The ICRC is not only encouraging terrorists to operate from among civilian populations by granting them immunity; it is also discouraging efforts to comply with the civilian protection measures mandated by the real laws of war. In other words, it’s actually making civilian casualties more likely on two counts – and thereby betraying its own humanitarian mission.
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The South Park Presidency.
Twitter’s new, 280-character format hasn’t been a boon to presidential dignity. On Saturday, while traveling in Vietnam ahead of a summit of the Association of Southeast Asian Nations, Donald Trump decided to chaff North Korea’s dictator, Kim Jong-un, on the social-media platform. “Why would Kim Jong-un insult me by calling me ‘old,'” the president tweeted, “when I would NEVER call him ‘short and fat?’ Oh well, I try so hard to be his friend – and maybe someday that will happen!”
I know we aren’t supposed to get worked up about the president’s tweets. This is who Trump is, his more conscientious defenders argue, and he isn’t going to change. Better, then, to focus on strategy and policy, where he’s making some good moves. I have been trying to look at the policy upside, believe me (as the Tweep-in-Chief might say). I have cheered Trump’s choice of Neil Gorsuch to take Justice Scalia’s seat on the Supreme Court; his vision of a liberal but limited international order that respects sovereignty and nationhood; his decision to withdraw the U.S. from the anti-Israel, and anti-Semitic, UNESCO; his proposed corporate tax cuts; and more. And I will continue to give policy credit where it is due.
But the tweets aren’t insignificant. Sometimes they are harmless. But too often they cheapen Trump’s noble democratic office and degrade the American voters who entrusted him with it. Occasionally they undermine his own administration’s policies and the national interest. The Kim Jong-un tweet falls into this third category. Here was Trump’s signature mixture of childish insult and narcissistic grievance applied to the world’s least free, and most dangerous, rogue state.
Kim deserves ridicule, to be sure, and liberals are wrong to get queasy about “disrespecting” the evil ruler of the Hermit Kingdom. Disrespect isn’t the issue. The problem was that Trump made light of a regime that is no laughing matter. This a regime that has brought the gulag–a system that should have been buried in the last century–into the 21st century. As Human Rights Watch noted in a harrowing report,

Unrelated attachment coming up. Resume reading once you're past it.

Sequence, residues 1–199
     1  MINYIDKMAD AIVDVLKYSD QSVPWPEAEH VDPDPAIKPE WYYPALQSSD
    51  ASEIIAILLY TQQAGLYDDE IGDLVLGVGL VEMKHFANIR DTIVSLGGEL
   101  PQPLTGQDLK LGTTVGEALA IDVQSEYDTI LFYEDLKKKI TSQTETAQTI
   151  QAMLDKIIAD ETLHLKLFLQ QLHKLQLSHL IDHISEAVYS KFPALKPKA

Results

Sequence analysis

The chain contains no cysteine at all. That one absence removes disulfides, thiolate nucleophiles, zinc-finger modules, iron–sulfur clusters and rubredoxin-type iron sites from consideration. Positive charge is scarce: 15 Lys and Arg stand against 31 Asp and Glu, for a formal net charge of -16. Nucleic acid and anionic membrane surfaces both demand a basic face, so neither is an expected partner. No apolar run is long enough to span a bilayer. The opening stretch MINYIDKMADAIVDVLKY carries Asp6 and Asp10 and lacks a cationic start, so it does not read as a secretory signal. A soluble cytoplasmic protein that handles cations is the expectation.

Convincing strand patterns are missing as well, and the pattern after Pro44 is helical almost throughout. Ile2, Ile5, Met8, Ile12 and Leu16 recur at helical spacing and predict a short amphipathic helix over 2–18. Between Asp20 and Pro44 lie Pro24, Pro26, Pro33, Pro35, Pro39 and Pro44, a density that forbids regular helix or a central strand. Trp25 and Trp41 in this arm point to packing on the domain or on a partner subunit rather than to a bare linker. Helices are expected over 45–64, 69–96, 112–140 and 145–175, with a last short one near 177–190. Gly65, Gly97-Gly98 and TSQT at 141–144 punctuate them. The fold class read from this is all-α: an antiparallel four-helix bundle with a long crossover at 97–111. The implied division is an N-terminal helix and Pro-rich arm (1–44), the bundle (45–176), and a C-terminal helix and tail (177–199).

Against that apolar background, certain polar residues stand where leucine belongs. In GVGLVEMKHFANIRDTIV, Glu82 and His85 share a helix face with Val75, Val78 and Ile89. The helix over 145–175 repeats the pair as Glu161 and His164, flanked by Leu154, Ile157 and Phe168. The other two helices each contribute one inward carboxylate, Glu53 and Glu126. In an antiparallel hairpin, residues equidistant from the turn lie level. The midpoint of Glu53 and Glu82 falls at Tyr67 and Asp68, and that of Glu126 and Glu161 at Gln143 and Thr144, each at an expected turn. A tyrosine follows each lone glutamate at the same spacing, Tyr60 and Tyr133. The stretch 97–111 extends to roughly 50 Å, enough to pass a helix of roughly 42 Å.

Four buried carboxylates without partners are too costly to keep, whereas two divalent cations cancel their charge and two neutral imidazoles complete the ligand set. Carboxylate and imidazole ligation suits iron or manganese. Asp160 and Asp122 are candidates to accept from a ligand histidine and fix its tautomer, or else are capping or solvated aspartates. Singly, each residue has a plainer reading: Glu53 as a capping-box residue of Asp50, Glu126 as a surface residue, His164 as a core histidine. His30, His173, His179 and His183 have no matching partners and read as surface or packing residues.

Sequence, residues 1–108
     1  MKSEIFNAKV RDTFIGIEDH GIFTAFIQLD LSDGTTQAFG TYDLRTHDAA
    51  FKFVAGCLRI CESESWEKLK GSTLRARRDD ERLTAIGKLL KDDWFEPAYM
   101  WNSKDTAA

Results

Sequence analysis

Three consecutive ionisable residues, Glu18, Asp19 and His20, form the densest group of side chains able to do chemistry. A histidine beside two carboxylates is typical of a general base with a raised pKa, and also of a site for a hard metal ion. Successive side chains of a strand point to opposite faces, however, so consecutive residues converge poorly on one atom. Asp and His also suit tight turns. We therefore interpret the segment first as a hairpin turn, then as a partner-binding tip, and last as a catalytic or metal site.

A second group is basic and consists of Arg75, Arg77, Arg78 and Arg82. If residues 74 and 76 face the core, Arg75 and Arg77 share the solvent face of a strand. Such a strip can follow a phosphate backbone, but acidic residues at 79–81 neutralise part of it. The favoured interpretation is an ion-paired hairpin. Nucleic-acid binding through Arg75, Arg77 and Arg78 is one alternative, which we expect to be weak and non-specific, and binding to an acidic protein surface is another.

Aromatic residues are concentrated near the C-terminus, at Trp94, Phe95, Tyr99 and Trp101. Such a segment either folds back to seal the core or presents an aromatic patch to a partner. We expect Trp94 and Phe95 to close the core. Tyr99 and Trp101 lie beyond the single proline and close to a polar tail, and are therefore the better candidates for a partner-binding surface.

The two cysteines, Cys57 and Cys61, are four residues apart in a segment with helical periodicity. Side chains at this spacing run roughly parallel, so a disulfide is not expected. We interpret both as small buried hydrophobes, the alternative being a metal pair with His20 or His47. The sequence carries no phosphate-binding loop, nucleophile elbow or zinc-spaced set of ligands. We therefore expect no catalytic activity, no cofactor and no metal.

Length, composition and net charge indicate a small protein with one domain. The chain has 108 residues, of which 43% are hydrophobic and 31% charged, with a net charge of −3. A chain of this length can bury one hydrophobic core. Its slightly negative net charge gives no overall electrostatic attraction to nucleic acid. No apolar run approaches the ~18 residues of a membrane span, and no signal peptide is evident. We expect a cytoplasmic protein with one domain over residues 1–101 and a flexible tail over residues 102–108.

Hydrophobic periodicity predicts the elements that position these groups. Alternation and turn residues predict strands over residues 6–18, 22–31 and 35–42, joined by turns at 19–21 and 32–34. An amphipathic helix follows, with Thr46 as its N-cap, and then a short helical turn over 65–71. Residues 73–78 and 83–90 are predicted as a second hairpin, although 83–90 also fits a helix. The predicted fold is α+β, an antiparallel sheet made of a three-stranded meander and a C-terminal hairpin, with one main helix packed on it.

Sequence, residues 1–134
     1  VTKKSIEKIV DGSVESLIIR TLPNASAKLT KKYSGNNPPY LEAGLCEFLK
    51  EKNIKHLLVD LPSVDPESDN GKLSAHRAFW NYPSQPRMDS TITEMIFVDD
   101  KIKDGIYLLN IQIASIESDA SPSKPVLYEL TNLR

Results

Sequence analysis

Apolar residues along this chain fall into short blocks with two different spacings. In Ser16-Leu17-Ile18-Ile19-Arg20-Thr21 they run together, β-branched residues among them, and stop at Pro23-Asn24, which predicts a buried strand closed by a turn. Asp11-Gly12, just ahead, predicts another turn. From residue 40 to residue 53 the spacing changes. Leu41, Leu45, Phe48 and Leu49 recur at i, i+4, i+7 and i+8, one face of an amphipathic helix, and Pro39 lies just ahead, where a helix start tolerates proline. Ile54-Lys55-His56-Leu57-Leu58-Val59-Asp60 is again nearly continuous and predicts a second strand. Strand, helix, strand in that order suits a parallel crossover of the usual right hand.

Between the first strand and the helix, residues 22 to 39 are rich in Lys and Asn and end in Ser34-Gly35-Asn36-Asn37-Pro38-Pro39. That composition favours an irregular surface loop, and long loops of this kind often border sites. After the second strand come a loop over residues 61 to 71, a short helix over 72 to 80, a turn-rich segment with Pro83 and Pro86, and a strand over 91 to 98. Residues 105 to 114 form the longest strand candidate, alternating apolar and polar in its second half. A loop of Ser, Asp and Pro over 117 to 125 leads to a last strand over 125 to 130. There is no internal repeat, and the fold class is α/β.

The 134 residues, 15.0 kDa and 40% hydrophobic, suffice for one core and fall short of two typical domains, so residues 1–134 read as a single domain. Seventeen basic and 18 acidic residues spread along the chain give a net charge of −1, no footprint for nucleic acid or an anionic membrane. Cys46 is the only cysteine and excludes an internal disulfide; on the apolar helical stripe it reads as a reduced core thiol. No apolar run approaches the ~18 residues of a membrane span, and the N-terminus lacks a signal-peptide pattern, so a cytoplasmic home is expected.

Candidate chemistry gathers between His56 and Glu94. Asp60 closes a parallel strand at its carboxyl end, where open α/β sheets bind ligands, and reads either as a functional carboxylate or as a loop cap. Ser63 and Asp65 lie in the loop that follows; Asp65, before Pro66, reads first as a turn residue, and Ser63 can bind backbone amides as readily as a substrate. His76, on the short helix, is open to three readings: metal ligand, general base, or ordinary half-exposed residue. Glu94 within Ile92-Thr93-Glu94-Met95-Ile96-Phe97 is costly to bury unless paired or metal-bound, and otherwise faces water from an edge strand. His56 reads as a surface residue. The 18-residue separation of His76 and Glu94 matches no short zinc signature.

North Korea discriminates against people and their families on political grounds, and systematically represses basic civil and political rights, such as freedom of association, assembly, and expression, and targets those involved in any sort of religious activities. The government also uses forced labor from ordinary citizens and prisoners to control the people and sustain its economy. In preparation for the 7th Congress of the ruling Worker’s Party of Korea held in May 2016, the government compelled its people to undergo a 70-day ‘battle’ of forced labor to complete work targets. . . . [S]ystematic, widespread, and gross human rights violations committed by the government included murder, enslavement, torture, imprisonment, rape, forced abortion, and other sexual violence, constituting crimes against humanity. North Korea’s rights record has been condemned by the UN Human Rights Council, the General Assembly, and the Security Council.
Kim’s regime also poses an existential threat to America’s closest allies in East Asia and, given its recent advances in missile technology, a potentially catastrophic nuclear threat to the U.S. homeland. Yet, as a matter of public diplomacy, Trump’s chaffing risks reducing this threat into a silly feud between characters out of a South Park cartoon or a Judd Apatow movie. The day may soon come when the Trump administration needs to win the support of friends and rivals in the region, as well as the American people, for military action to contain or neutralize the Pyongyang regime. Kidding around with Kim risks undermining American seriousness.
But the president’s chaotic communications strategy, his conservative defenders will argue, is ordered to our chaotic, high-tech, postmodern world. Look how far it has brought him already, from reality-TV charlatanry all the way to the Oval Office. Perhaps they are right. Then again, conservatives used to hold that no amount of technological change would alter the fundamentals–of human nature, of leadership, of the life of nations in war and peace. Now that core insight has fallen out of fashion among the Trumpian right. They better hope that the nation won’t pay too high a price for the loss.
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Moore, Duterte, and the NSA
On the first COMMENTARY podcast of the week, the gang (minus Noah Rothman) covers the accusations of sexual misconduct against the Roy Moore, his strange defense, and his even stranger defenders. We also talk about President Trump’s press conference with Rodrigo Duterte and the explosive news of a massive cyberattack on the NSA. Give a listen.